How Much Cash Is Left In The Bank For Linius Technologies Limited (ASX:LNU)?

Linius Technologies Limited (ASX:LNU) continues its loss-making streak, announcing negative earnings for its latest financial year ending. Savvy investors should always reassess the situation of loss-making companies frequently, and keep informed about whether or not these businesses are in a strong cash position. Additional cash raising may dilute the value of your shares, and since LNU is currently burning more cash than it is making, it’s likely the business will need funding for future growth. Today I’ve examined LNU’s financial data from its most recent earnings update, to roughly assess when the company may need to raise new capital. View our latest analysis for Linius Technologies

What is cash burn?

Cash burn is when a loss-making company spends its equity to fund its expenses before making money from its day-to-day business. Currently, LNU has A$0.96M in cash holdings and producing negative cash flows from its day-to-day activities of -A$3.04M. How fast LNU runs down its cash supply over time is known as the cash burn rate. The riskiest factor facing investors of LNU is the potential for the company to run out of cash without the ability to raise more money, i.e. LNU goes out of business. Furthermore, it is not uncommon to find loss-makers in an industry such as tech. These companies face the trade-off between running the risk of depleting its cash reserves too fast, or the risk of falling behind competition on innovation and gaining market share by investing too slowly.

ASX:LNU Income Statement Nov 20th 17
ASX:LNU Income Statement Nov 20th 17

When will LNU need to raise more cash?

Operational expenses, or opex for short, are the bare minimum expenses for LNU to continue its operations. In this case I’ve only accounted for sales, general and admin (SG&A) expenses, and basic R&D expenses incurred within this year. Opex (excluding one-offs) grew by 60.96% over the past year, which is considerably high. This means that, if LNU continues to grow its opex at this rate, given how much money it currently has in the bank, it will actually need to raise capital again in within the next 4 months! Furthermore, even if LNU kept its opex level at the current A$3.48M, it will still be coming to market in the next couple of months. Although this is a relatively simplistic calculation, and LNU may reduce its costs or open a new line of credit instead of issuing new equity shares, the outcome of this analysis still helps us understand how sustainable the LNU’s operation is, and when things may have to change.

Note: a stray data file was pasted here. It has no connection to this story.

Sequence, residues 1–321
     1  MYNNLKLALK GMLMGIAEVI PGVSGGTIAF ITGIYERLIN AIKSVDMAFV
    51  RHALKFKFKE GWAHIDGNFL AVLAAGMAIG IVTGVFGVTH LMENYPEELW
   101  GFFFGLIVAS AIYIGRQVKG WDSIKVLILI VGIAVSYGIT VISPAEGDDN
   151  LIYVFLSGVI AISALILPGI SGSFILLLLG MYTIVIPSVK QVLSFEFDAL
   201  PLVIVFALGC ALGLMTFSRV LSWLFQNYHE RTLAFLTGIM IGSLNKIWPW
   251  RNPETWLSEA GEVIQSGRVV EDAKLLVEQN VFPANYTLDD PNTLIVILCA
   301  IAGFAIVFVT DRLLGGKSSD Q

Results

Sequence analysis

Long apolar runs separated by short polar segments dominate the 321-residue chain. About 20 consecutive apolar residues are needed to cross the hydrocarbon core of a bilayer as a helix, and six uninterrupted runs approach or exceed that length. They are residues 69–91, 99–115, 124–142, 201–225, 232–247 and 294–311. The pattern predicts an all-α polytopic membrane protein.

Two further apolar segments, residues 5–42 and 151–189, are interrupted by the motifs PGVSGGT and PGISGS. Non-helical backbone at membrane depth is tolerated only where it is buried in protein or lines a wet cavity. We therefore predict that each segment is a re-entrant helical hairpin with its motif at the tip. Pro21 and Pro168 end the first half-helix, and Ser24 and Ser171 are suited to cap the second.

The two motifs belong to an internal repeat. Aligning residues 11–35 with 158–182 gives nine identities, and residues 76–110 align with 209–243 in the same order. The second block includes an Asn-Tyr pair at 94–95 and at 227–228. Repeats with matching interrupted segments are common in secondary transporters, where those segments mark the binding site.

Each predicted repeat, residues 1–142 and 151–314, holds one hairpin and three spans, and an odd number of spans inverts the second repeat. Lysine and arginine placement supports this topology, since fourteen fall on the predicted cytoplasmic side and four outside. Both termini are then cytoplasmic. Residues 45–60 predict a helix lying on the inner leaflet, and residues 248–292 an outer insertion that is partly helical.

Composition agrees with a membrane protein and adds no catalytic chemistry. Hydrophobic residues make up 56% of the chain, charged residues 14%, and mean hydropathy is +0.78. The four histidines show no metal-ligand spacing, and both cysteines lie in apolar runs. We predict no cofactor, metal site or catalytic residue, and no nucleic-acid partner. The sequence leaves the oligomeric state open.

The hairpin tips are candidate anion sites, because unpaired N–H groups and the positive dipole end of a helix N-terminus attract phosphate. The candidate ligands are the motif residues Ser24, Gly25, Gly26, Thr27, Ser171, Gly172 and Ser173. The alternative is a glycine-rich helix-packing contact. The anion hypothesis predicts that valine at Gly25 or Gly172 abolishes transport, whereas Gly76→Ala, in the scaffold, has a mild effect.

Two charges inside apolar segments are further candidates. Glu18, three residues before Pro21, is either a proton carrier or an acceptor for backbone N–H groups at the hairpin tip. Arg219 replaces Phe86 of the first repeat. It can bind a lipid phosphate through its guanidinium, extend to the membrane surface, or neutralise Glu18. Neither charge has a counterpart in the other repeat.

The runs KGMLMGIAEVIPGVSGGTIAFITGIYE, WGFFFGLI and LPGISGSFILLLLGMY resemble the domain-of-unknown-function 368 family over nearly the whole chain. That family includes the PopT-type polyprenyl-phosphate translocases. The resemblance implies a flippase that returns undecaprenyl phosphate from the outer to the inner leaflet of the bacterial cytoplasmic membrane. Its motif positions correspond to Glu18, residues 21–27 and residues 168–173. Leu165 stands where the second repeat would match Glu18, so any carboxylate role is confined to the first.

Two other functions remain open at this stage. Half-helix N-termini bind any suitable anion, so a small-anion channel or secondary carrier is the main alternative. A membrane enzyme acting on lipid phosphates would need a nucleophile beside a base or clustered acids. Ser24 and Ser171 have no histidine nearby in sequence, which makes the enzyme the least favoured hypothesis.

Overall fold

What this means for you:

Are you a shareholder? In the context of your portfolio, you should always seek to diversify, especially if you have a relatively high exposure to LNU. The outcome of this analysis should shed some light on LNU’s cash situation and the risks you may or may not have been aware of as a shareholder of the company. Keep in mind that opex is only one side of the coin. I recommend also looking at LNU’s revenues in order to forecast when the company will become breakeven and start producing profits for shareholders.

Are you a potential investor? The risks involved in investing in loss-making LNU means you should think twice before diving into the stock. However, this should not prevent you from further researching it as an investment potential. The outcome of my analysis suggests that if LNU maintains the rate of opex growth, it will run out of cash within the year. This suggests an opportunity to enter into the stock, potentially at an attractive price, should LNU come to market to fund its growth.

Good management manages cash well – have a peek at LNU’s CEO experience and the tenure of the board here. If risky loss-making stocks do not appeal to you, see my list of highly profitable companies to add to your portfolio..

NB: Figures in this article are calculated using data from the last twelve months, which refer to the 12-month period ending on the last date of the month the financial statement is dated. This may not be consistent with full year annual report figures. Operating expenses include only SG&A and one-year R&D.